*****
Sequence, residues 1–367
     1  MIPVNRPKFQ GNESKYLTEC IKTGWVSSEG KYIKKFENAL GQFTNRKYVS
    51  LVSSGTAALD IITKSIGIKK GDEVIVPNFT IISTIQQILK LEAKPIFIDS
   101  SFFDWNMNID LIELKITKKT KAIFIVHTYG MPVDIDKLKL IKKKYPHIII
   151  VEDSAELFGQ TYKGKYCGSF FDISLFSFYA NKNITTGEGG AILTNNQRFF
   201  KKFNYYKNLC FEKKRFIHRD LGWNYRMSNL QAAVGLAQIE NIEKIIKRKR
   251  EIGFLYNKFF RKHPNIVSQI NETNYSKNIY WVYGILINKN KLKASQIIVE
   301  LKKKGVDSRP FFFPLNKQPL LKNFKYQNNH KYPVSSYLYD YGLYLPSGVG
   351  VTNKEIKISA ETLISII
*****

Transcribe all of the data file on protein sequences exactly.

Sequence, residues 1–367
     1  MIPVNRPKFQ GNESKYLTEC IKTGWVSSEG KYIKKFENAL GQFTNRKYVS
    51  LVSSGTAALD IITKSIGIKK GDEVIVPNFT IISTIQQILK LEAKPIFIDS
   101  SFFDWNMNID LIELKITKKT KAIFIVHTYG MPVDIDKLKL IKKKYPHIII
   151  VEDSAELFGQ TYKGKYCGSF FDISLFSFYA NKNITTGEGG AILTNNQRFF
   201  KKFNYYKNLC FEKKRFIHRD LGWNYRMSNL QAAVGLAQIE NIEKIIKRKR
   251  EIGFLYNKFF RKHPNIVSQI NETNYSKNIY WVYGILINKN KLKASQIIVE
   301  LKKKGVDSRP FFFPLNKQPL LKNFKYQNNH KYPVSSYLYD YGLYLPSGVG
   351  VTNKEIKISA ETLISII